Pick your poison. It can be deadly for good reasons such as protecting crops from harmful insects or fighting parasite infection as medicine — or for evil as a weapon for bioterrorism. Or, in extremely diluted amounts, it can be used to enhance beauty.
From materials science and earth system modeling to quantum information science and cybersecurity, experts in many fields run simulations and conduct experiments to collect the abundance of data necessary for scientific progress.
Ada Sedova’s journey to Oak Ridge National Laboratory has taken her on the path from pre-med studies in college to an accelerated graduate career in mathematics and biophysics and now to the intersection of computational science and biology
Giri Prakash, data informatics scientist and director of the Department of Energy’s Atmospheric Radiation Measurement Data Center at Oak Ridge National Laboratory, has accepted an invitation from the National Academies of Sciences, Engineering, and Medicine to serve a four-year term on the U.S. National Committee for CODATA.
With the rise of the global pandemic, Omar Demerdash, a Liane B. Russell Distinguished Staff Fellow at ORNL since 2018, has become laser-focused on potential avenues to COVID-19 therapies.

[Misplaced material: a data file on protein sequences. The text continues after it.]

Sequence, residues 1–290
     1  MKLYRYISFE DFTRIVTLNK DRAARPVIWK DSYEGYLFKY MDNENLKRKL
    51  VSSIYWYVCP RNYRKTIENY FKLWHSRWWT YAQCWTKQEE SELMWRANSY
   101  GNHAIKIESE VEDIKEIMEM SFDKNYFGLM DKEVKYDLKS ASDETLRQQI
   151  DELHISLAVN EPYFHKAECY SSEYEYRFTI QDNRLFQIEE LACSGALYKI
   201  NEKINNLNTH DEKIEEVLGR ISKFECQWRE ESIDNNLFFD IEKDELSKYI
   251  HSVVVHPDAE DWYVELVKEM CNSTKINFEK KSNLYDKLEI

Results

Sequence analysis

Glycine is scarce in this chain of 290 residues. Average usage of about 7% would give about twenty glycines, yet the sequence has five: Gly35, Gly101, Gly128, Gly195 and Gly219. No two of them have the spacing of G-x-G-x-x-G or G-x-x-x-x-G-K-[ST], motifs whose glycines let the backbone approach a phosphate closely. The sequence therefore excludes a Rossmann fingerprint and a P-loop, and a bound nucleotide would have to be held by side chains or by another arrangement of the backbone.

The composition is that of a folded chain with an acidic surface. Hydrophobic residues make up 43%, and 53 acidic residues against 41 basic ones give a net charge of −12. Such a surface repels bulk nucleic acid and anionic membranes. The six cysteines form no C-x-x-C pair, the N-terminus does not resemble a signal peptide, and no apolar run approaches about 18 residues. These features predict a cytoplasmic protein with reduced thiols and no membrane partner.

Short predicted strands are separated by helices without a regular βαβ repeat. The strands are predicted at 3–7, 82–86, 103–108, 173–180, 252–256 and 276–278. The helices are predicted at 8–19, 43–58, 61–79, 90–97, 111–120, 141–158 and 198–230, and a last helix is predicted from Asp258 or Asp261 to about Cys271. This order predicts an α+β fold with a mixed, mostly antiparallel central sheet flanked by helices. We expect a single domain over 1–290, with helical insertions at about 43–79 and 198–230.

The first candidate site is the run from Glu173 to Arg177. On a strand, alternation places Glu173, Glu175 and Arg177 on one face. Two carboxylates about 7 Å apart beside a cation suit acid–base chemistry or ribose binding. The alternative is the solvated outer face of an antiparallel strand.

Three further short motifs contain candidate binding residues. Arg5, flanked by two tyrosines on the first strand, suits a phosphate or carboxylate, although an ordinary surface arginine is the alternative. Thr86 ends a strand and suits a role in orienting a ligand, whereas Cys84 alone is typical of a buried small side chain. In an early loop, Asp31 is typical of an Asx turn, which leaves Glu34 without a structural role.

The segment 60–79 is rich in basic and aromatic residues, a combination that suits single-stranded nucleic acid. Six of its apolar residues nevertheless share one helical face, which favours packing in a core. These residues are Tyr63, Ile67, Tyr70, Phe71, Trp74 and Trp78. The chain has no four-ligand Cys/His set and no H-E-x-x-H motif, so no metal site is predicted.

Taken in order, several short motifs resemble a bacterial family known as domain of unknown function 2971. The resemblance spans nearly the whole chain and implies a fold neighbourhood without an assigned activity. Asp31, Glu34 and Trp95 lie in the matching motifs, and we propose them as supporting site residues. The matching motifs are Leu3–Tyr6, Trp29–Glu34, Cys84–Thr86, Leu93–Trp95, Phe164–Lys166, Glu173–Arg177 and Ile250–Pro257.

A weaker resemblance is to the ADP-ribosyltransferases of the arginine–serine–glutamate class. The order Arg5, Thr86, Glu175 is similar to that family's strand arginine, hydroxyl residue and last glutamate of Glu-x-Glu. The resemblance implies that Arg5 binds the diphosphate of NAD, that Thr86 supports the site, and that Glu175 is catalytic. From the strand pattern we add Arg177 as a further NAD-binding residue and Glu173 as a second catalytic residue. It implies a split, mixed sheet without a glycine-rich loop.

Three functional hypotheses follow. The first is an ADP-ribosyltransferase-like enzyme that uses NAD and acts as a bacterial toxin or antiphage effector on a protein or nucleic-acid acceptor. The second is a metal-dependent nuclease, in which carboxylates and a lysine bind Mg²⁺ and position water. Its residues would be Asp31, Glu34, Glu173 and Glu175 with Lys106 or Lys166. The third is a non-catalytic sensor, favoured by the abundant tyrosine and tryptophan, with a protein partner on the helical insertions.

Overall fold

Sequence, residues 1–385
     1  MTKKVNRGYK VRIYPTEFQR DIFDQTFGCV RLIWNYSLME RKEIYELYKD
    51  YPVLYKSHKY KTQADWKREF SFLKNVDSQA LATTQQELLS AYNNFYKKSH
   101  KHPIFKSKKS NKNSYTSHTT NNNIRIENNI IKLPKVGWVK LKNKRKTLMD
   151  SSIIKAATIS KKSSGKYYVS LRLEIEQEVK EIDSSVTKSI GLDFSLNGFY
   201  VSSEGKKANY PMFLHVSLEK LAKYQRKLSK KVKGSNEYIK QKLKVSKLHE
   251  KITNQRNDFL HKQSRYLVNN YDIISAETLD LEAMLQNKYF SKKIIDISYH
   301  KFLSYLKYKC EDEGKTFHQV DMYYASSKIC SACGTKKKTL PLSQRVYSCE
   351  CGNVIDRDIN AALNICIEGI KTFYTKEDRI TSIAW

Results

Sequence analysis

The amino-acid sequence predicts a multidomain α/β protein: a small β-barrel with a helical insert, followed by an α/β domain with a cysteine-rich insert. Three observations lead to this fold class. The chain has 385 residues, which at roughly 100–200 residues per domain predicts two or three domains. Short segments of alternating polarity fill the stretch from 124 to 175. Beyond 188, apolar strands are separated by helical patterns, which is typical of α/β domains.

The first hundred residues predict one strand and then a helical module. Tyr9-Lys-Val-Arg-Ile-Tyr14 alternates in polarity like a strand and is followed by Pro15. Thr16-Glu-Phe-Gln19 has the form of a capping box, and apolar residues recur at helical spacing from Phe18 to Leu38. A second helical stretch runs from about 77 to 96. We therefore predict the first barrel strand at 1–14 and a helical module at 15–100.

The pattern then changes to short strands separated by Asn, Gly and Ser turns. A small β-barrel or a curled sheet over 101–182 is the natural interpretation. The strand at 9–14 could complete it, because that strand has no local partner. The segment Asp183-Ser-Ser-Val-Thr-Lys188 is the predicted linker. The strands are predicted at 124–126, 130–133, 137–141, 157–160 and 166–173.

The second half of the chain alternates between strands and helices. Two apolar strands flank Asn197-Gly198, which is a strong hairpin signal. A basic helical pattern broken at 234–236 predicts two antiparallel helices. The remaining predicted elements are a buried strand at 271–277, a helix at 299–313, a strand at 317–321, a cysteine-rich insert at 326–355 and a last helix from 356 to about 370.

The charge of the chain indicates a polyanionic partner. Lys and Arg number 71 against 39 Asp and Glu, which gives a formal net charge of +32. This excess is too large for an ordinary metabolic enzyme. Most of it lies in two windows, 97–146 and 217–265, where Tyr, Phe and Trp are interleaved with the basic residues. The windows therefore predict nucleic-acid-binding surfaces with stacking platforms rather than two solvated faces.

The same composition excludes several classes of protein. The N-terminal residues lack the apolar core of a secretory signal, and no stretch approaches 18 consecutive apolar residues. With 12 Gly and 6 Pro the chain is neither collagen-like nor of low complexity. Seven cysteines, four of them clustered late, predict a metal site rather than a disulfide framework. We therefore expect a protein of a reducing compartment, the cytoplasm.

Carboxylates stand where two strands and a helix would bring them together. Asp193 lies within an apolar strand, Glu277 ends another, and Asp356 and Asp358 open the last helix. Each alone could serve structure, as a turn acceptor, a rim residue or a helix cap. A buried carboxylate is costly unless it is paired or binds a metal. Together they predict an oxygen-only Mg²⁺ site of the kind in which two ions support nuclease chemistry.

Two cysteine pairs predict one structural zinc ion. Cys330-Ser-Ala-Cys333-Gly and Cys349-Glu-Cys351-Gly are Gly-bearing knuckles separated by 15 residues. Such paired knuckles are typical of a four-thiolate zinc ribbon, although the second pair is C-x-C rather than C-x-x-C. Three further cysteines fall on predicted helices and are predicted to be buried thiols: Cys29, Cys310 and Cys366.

In the race to identify solutions to the COVID-19 pandemic, researchers at the Department of Energy’s Oak Ridge National Laboratory are joining the fight by applying expertise in computational science, advanced manufacturing, data science and neutron science.
Jitendra Kumar, a researcher at the Department of Energy’s Oak Ridge National Laboratory, has been elevated to the grade of senior member of the Institute of Electrical and Electronics Engineers (IEEE).
Biological membranes, such as the “walls” of most types of living cells, primarily consist of a double layer of lipids, or “lipid bilayer,” that forms the structure, and a variety of embedded and attached proteins with highly specialized functions, including proteins that rapidly and selectively transport ions and molecules in and out of the cell.
We have a data problem. Humanity is now generating more data than it can handle; more sensors, smartphones, and devices of all types are coming online every day and contributing to the ever-growing global dataset.
As the second-leading cause of death in the United States, cancer is a public health crisis that afflicts nearly one in two people during their lifetime.